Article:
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Markets are expected to remain extremely volatile. You might hear this phrase quite often from stock market experts. If you want to make your fortunes in stock markets, it’s imperative for you to know what is stock market volatility is and why volatility is important for investors. 

So, what is stock market volatility?

In plain English, stock market volatility is the rate at which stock prices fluctuate during a specified period. However, the implied meaning of volatility in stock market is slightly different. 

In a much wider context, volatility in stock market often hints at turbulent times and explosive price actions. Thus, volatility creates panic among investors.  Nonetheless, volatility can also give you great investment opportunities. 

A market index or a stock will be called ‘volatile’ if it experiences price swings outside its normal range. For instance, a stock that witnessed an average monthly price swing of 5%-7% for the last 5 years suddenly recorded a 15% move last month. Stock market experts would describe this instance as a spike in volatility.  

How the stock market volatility is measured

Standard Deviation (SD) is the most widely used statistical tool to measure historical volatility. From the stock market perspective, SD indicates how wide the price fluctuations are from the averages. It also tells you the range and frequency of outcomes, which can be plotted on a graph.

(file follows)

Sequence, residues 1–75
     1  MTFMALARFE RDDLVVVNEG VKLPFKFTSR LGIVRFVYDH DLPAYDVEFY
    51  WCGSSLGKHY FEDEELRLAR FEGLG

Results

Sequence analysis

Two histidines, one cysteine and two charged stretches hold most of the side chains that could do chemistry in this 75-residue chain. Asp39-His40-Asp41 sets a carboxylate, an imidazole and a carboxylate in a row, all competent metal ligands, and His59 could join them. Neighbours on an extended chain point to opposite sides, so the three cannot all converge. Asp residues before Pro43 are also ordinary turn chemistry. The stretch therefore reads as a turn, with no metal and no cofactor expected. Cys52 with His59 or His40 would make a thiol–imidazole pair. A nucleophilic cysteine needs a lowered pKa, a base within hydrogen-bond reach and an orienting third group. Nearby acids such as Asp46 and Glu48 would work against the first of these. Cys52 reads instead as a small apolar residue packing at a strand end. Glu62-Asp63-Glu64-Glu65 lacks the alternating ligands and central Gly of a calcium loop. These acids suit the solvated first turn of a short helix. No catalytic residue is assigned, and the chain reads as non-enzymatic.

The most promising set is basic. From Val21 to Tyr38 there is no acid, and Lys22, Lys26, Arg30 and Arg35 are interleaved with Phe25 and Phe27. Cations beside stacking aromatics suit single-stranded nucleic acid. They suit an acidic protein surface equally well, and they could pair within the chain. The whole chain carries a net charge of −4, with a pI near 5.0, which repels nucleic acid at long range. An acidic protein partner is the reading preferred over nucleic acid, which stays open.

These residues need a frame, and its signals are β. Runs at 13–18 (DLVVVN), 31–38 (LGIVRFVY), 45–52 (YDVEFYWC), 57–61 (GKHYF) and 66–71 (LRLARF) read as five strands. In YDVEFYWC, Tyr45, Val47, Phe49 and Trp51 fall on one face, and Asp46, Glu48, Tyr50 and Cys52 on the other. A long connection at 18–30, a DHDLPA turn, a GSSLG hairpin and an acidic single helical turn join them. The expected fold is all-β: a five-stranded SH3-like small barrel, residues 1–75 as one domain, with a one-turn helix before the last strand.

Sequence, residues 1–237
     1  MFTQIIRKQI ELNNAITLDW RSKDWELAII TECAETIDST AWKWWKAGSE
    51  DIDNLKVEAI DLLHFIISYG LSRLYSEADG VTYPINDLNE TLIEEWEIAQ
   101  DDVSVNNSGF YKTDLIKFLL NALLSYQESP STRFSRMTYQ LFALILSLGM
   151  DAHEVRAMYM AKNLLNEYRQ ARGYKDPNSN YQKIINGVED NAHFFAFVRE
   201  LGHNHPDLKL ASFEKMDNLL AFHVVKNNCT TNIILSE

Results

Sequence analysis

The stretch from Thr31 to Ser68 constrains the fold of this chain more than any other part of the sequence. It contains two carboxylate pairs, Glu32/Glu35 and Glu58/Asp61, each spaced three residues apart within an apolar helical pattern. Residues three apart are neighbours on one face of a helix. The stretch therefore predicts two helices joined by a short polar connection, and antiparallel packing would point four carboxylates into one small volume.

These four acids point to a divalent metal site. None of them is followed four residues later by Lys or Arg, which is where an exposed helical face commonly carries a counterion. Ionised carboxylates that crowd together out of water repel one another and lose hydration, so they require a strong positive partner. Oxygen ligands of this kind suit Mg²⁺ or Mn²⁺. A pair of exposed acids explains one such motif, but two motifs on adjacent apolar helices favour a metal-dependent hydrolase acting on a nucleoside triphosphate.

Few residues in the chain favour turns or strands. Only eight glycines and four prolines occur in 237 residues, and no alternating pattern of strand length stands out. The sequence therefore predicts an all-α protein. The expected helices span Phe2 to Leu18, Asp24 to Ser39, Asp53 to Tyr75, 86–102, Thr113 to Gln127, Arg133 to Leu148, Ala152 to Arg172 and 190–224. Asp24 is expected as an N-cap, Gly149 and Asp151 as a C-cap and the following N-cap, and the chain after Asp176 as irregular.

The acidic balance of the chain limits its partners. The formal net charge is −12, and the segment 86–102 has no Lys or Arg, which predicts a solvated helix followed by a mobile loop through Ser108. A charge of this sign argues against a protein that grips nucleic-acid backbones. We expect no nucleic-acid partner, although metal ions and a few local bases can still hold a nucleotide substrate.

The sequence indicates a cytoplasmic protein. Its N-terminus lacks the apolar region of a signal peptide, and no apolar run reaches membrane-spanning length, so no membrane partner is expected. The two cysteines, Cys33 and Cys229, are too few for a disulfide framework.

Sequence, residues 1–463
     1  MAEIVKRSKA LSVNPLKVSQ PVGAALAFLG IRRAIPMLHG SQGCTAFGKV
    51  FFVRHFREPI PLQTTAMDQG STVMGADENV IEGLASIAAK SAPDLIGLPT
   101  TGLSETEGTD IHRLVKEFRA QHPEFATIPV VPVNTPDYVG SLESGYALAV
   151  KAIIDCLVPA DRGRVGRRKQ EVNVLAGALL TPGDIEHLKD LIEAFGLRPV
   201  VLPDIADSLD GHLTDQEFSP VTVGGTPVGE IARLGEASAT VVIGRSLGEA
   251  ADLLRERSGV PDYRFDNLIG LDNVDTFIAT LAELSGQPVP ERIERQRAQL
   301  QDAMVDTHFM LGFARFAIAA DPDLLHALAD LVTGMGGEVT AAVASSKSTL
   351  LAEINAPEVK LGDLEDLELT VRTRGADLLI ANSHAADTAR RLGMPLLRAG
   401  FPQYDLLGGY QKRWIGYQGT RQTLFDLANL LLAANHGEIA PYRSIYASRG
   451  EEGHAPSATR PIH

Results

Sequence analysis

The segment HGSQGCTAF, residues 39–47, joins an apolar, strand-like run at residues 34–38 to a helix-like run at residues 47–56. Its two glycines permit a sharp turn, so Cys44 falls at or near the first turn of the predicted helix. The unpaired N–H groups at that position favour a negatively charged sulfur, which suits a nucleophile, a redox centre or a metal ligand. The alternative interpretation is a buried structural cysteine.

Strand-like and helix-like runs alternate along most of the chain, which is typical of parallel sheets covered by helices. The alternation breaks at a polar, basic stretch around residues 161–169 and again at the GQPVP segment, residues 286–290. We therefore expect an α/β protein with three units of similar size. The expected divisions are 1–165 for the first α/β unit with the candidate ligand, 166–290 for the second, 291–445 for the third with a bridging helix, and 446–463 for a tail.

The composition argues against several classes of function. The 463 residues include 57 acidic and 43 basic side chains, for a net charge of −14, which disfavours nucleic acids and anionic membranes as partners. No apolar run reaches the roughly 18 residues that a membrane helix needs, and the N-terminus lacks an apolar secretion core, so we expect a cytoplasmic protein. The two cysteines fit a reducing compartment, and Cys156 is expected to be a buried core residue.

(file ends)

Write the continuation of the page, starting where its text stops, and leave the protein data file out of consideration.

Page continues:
What does the normal distribution curve look like?

On a normal distribution curve, as shown below, the horizontal axis denotes observations and the vertical axis represents their frequencies. In a symmetrically distributed curve, which is called a normal curve, the majority of observations will revolve around the average, thus showing the highest frequency. The far left represents negative deviations, while the far right denotes positive deviations (with respect to the average). 

(Source: nlm.nih.gov)

Whether a deviation is bad or risky depends on the quantum of the difference from the average value and its frequency. For instance, frequent stock price fluctuations within one standard deviation are considered normal. Overall, 95% of the time, the deviation in value is within the two standard deviations and 99.7% of observations fall within the three standard deviation range.

It’s noteworthy that 99.7% isn’t 100%. In other words, rare events pushing prices beyond three standard deviations denote abnormality and should be treated as red flag warnings that call for immediate attention. The 'tail' of the curve is indeed dangerous!

If you found the above commentary on the normal distribution curve all Greek and Latin, worry not! Here’s what you need to remember as an investor: In rare events, when prices significantly rise or fall over a short span of time, thereby deviating massively from their normal returns for a given period, you need to be extremely careful. A 10% fall in a day on the Nifty 50 would entail a high risk. Similarly, a 40% rise in a small-cap stock over 1-week shall also be treated as a risk. 

Note: Using the SD, we can calculate the historical volatility of a stock or an index. Most investors would be better off knowing only about this form of volatility. However, if you are a trader or willing to venture into F&O (Futures and Options) trading, you may also want to know what the implied volatility is. 

Anticipated volatility